Get Your Mortgage From a Bank or Mortgage Broker?


By Maryann Boateng.

In this article, we cover:

  • What’s the difference between a mortgage broker and a direct lender? 
  • Working with a mortgage broker
  • Working with a lender

Getting pre-approved for a mortgage is one of the first steps of the home-buying journey. A mortgage pre-approval gives you and your REALTOR® a range of how much you can afford to spend. When it comes to finding a lender, there are two typical paths: you can either go directly through a lender, such as a traditional bank, or you can enlist the help of a mortgage broker. Your REALTOR® will be able to provide some options of lenders or mortgage brokers, but first you must understand what both options offer.


A mortgage broker is a licensed professional who acts as a bridge between potential home buyers and lenders. Shane Ferrao, a mortgage broker with, says a broker will shop around for mortgage solutions on your behalf to ensure you get the best deal. They can also assist with finding lenders other than traditional institutions. 

“Mortgage brokers have relationships with dozens of lenders. For example, our brokerage works with over 59 different institutions,” Ferrao explains. “This helps us compare products so that we get potential home buyers the best deal.”

A direct lender is a bank, financial institution, or private corporation that provides mortgages and loans. They’re the ones deciding whether or not you qualify. Typical direct lenders are banks, whether national or international, as well as small to large financial institutions, like credit unions and virtual lenders. When you get a mortgage through a direct lender, you’ll be speaking directly to the people signing off on your loan. You’ll typically engage with a financial advisor or an employee that works at the institution, usually by booking a meeting in person or filling out an online form.


A broker is legally obligated to work with your best interest in mind, so you can feel at ease knowing along with your REALTOR®, you have another professional on your side that’s in your corner.

“A broker can help you navigate the ins and outs of all of the paperwork, and you’ll have a direct contact who is working in your favour,” Ferrao explains. “Mortgage brokers work for the customer and also for the lenders.”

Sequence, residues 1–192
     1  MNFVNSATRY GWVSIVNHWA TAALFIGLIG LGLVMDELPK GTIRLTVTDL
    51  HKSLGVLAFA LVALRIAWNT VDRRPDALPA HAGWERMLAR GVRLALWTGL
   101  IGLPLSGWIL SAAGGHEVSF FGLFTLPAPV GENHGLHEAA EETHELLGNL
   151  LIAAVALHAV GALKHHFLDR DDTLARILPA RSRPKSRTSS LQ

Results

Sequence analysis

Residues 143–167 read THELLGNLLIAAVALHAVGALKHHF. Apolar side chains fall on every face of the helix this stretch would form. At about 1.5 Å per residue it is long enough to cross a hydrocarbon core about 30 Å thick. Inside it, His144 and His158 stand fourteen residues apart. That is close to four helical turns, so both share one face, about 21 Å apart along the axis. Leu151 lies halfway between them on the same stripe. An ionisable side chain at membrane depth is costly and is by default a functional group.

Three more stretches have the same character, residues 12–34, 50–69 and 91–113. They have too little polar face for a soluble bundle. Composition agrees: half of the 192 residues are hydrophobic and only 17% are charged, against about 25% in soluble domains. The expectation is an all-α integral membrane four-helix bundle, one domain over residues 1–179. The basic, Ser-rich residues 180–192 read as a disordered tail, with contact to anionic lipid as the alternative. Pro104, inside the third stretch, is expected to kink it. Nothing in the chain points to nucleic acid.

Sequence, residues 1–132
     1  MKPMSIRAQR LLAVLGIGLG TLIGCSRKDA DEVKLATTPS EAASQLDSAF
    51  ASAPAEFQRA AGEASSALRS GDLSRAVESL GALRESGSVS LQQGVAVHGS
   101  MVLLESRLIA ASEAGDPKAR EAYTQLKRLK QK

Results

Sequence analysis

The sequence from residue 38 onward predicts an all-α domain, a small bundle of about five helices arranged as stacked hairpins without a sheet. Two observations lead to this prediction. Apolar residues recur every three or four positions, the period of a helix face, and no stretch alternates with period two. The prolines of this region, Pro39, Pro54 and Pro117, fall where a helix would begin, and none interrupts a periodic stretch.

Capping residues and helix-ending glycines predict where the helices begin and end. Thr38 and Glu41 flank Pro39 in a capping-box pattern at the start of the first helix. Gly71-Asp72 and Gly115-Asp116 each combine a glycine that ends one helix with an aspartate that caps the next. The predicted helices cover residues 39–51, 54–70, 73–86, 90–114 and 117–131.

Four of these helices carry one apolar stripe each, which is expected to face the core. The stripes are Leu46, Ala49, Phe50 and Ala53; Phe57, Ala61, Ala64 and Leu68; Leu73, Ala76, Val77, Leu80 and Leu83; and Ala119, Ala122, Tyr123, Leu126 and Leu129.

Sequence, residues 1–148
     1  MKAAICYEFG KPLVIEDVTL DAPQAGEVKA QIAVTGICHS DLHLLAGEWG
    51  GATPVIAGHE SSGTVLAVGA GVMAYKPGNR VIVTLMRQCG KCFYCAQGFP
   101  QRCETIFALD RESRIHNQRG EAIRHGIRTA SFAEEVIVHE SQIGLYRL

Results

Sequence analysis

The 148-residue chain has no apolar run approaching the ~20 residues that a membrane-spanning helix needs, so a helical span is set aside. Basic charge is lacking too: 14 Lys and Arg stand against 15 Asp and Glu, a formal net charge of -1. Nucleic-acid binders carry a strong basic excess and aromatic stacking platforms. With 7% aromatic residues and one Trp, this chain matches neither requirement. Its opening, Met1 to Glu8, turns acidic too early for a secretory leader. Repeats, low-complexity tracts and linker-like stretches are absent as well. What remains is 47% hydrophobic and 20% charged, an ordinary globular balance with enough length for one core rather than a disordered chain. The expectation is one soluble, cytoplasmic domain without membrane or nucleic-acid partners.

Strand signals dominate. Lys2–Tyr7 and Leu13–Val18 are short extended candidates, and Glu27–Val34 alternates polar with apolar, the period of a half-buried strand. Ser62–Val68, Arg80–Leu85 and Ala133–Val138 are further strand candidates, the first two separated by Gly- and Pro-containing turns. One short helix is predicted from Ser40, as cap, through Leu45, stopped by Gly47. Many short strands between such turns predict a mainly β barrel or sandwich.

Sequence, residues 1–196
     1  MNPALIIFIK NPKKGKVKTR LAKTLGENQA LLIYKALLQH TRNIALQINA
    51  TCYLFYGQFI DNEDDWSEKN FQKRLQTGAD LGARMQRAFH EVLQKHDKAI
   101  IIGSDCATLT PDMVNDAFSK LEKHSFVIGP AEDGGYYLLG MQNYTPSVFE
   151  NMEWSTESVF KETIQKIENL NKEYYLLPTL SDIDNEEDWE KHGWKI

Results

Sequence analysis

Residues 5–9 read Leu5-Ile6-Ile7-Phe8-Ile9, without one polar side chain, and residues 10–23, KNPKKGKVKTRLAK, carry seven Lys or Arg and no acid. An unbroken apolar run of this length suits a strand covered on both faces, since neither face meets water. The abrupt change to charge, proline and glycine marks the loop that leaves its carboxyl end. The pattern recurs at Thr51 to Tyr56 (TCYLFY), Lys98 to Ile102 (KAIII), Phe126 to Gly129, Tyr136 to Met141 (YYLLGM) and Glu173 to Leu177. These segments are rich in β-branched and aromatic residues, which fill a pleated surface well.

As mentioned, a big advantage of a broker is they work with multiple lenders, some who don’t deal directly with the public and can sometimes get you approved even if you’ve been rejected by traditional banks. A broker will collect information regarding your financial situation—income, tax returns, credit reports, etc.—which are required by a lender, then evaluate how much you might be able to borrow and look into your best options. They know which lenders are more likely to offer certain types of mortgages, or ones that typically don’t approve loans for certain types of properties.  

Traditional lenders pay mortgage brokers, however some alternative lenders don’t pay as much. If a mortgage broker isn’t charging you a fee, that means they’re being paid by the lender. One potential disadvantage of going with a mortgage broker is if you don’t qualify for a mortgage with a traditional lender, brokers may charge a fee at closing, ranging from 1% to 2% of the mortgage balance requested. Bruised credit and insufficient income could be a couple of reasons why your mortgage would have to be placed with an alternative lender.

There’s also something called the loan origination fee charged by the banks, but in most cases when you use a broker, this is paid to the broker.  


The advantage of going with a direct lender is you’ve probably built a history with an institution, whether it’s a bank you’ve been dealing with since a young age or a digital bank you trade with. This previous history can make the process more comfortable for borrowers, especially if it’s your first time purchasing a home. Plus, if you have an existing relationship with the institution, you may be able to get a better rate or contract terms.

Going to the lender directly may also help you to skip out on fees associated with some mortgage brokers. However, the loan origination fee still applies—it’s just paid to the bank. The lender also makes money on the interest you pay, late fees, and other charges that may come up during the closing period. 

If you’re going to a direct lender, you’ll have to do your own research to find the best rate, as you’ll only see the mortgage products available at one particular institution. Once you compile all the options, you’ll have to sort through which makes the most sense for you based on mortgage type and rate. 

Curious how much your payments might change based on different rates? Tools like the Mortgage Calculator can help give you a better picture.

Moreover, if you plan on exploring different lenders, you’ll need to get credit checks with each one, which can count as a hit on your credit score, unless you get all checks within two weeks of each other. Lenders may also have a higher threshold for mortgage approval.

Whether you choose a direct lender or a mortgage broker, your REALTOR® can help connect you with the right person to help you secure a loan. They’ll be able to provide you with a list of trusted professionals they can vouch for and have worked with in the past. Once you’ve confirmed your ready to start the hunt for a property, let your REALTOR® know so they can provide all the guidance you’ll need.